Gentleman to the left: This is an activity by ICAIC [Cuban Institute of Cinematographic Arts and Industry] and ICAIC invites people understood by them to be appropriate. You people are not invited and can't come in.
Claudia Cadelo [Independent Blogger]: But entry is free to all!!
Reinaldo Escobar [Independent Journalist and Blogger and Yoani's Husband]: Pardon me, I don't know about her situation, but invitations were not passed out.
Man with red shirt: But there is a right of admission [that is the institution reserves the right to restrict admission].
Reinaldo: Yes, I understand, but who is on the list of the inadmissible?
Man with red shirt: No, no list is needed.
Reinaldo: She (Claudia) does not have the right to enter?
Man with red shirt: No.
Reinaldo: And I, do I have the right to enter?
Man with red shirt: No.
[Inside the room]
Man with dark sleeveless shirt (Author):
And to say as Desiderio [Navarro] said earlier, power can slow down the spread of technologies it cannot control, but itcannot prevent it. When arrows first appeared, the feudal lords tried to prohibit them. Arrows and later firearms for those unauthorized. Power, totalitarian power is based on control over information. The Internet among its many faults has a virtue.
As Desiderio pointed out, it allows for correct information, incorrect information, false information, unreal information, all divulged equally as much as the "correct and real official information." And this, it seems to me, is something that the powers that be do not know how to deal with, and the more they try to impede it, the more they try to clench their fist around that precious stone that is their control and dominance, the more they squeeze it, the higher the risk that that stone will turn to sand, and roll down their fingers.
I believe Desiderio mentioned a word about an article by Rafael, the director of [the magazine] Temas last week: "Cyber-chancleteo" [cyber-trash-talking]. I think that cyber-trash-talking is the negative part of this debate, and when I entered this room, there were still many empty seats. There are still many people left outside who thought, wrongly, that this was a free, open debate, something that I think the editors of the magazine and organizers also thought, and did not realize that any comment about the Internet, about the broadcast of ideas, discussion of various viewpoints, is tremendously conflicted, but not because of conflict will they be able to silence us.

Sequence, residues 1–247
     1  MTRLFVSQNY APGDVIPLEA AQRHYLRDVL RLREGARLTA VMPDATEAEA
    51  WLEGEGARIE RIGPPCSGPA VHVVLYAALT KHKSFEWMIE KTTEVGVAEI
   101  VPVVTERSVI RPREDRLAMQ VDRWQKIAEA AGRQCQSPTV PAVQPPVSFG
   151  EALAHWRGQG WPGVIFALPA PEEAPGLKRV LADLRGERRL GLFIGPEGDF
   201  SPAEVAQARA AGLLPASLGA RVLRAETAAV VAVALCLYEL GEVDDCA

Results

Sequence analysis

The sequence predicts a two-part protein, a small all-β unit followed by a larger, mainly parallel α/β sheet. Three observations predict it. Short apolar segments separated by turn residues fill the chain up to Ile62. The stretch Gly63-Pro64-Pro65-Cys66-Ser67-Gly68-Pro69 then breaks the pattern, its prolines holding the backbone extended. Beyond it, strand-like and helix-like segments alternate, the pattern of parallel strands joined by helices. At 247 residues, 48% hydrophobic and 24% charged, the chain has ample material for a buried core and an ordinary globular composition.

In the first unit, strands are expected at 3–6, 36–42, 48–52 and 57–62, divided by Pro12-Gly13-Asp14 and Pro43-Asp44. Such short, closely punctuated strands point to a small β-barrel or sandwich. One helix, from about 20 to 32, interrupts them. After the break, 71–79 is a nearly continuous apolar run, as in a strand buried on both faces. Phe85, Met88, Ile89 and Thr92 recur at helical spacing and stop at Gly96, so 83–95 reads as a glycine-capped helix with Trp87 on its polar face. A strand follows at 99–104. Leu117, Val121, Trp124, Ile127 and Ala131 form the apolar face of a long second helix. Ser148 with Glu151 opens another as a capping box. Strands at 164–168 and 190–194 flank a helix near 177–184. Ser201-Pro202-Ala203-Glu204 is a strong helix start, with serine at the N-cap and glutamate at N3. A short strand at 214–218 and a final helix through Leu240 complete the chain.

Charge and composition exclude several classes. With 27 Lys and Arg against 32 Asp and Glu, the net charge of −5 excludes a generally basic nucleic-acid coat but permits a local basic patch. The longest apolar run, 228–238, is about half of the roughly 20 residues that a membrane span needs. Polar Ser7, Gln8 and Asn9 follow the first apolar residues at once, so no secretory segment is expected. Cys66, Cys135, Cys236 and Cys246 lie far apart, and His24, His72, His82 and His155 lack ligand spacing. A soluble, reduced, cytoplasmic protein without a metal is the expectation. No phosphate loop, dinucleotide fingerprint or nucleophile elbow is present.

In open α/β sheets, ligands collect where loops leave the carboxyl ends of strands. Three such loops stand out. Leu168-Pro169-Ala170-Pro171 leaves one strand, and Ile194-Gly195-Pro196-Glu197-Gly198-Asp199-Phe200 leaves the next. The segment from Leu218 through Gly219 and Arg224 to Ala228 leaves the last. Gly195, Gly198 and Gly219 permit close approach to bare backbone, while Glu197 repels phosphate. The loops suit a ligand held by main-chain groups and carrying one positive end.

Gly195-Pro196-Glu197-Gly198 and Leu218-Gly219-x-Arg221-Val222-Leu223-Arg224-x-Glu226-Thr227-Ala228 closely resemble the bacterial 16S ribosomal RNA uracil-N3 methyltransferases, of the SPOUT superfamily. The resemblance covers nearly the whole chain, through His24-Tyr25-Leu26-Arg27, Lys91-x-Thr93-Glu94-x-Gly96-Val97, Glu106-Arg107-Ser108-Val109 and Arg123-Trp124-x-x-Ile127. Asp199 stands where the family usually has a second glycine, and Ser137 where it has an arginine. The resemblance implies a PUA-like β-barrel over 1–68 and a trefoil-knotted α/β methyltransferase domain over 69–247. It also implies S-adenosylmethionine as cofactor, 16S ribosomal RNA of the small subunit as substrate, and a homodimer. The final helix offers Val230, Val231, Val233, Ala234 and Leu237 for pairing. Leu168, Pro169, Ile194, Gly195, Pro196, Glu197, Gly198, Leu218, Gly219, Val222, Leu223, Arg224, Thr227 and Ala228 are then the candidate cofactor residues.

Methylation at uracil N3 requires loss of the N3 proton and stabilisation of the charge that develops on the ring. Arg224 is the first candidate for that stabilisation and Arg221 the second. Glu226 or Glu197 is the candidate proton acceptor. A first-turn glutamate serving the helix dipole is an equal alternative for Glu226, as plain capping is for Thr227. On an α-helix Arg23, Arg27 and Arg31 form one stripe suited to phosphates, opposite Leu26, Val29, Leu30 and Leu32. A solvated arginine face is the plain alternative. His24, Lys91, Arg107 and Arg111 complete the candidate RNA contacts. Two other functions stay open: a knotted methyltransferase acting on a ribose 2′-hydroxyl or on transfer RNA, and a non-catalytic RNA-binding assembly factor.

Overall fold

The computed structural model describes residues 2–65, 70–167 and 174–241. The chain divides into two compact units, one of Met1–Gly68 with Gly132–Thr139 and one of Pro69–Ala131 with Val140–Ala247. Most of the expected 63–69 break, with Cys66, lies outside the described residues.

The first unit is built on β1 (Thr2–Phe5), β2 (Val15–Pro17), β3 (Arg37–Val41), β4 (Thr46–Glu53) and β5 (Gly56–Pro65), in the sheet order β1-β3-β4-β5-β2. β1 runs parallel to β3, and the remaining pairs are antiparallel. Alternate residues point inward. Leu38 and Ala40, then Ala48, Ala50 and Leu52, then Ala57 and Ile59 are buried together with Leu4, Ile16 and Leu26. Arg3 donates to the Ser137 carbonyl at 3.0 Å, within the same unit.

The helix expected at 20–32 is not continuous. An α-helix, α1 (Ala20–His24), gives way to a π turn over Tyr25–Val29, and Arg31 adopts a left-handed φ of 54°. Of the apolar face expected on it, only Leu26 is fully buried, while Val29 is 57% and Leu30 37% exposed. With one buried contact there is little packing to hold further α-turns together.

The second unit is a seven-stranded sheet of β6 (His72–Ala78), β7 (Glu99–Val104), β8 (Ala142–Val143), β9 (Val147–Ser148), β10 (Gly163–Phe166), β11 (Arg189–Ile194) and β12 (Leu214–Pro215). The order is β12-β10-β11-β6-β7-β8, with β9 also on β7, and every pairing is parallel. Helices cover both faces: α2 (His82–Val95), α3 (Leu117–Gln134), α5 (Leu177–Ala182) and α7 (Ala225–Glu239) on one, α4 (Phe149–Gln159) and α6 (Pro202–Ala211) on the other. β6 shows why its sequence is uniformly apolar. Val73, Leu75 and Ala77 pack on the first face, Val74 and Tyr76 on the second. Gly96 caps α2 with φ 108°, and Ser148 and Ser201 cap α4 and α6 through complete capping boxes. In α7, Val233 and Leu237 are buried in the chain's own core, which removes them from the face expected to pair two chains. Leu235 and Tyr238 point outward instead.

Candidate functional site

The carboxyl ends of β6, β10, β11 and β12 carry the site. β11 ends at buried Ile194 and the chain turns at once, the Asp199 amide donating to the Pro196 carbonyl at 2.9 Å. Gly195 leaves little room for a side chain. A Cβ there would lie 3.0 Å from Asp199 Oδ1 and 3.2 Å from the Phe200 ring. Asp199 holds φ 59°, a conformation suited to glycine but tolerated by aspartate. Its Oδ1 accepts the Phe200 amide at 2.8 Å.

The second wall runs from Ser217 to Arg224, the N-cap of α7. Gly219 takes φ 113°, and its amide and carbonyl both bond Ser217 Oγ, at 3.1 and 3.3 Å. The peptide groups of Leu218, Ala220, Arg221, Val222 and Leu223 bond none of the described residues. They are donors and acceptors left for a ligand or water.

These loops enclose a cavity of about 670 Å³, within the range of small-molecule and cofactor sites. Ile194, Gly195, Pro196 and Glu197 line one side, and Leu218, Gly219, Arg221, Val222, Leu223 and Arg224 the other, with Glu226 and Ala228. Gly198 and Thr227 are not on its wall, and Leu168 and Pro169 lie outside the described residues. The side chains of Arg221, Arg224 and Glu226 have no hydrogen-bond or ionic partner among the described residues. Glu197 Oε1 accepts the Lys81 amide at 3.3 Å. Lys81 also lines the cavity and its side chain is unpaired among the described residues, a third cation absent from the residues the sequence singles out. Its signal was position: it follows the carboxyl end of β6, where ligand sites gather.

The Internet allows us to stand on our own. A man standing on his own achieves certain possibilities. That is, he has the Internet advantage, and this is not something all Cubans have. The man who stands can take oppositional postures against the monopoly of information currently held by government newspapers and news programs, a government that seeks to impose its point of view over reality, since it is incapable of imposing reality itself. I believe that in that regard, I don't know how many of those who are present, expected the panel to speak about that. I believe that precisely, the panel has been very cautious in not speaking because we've all been waiting to say it ourselves.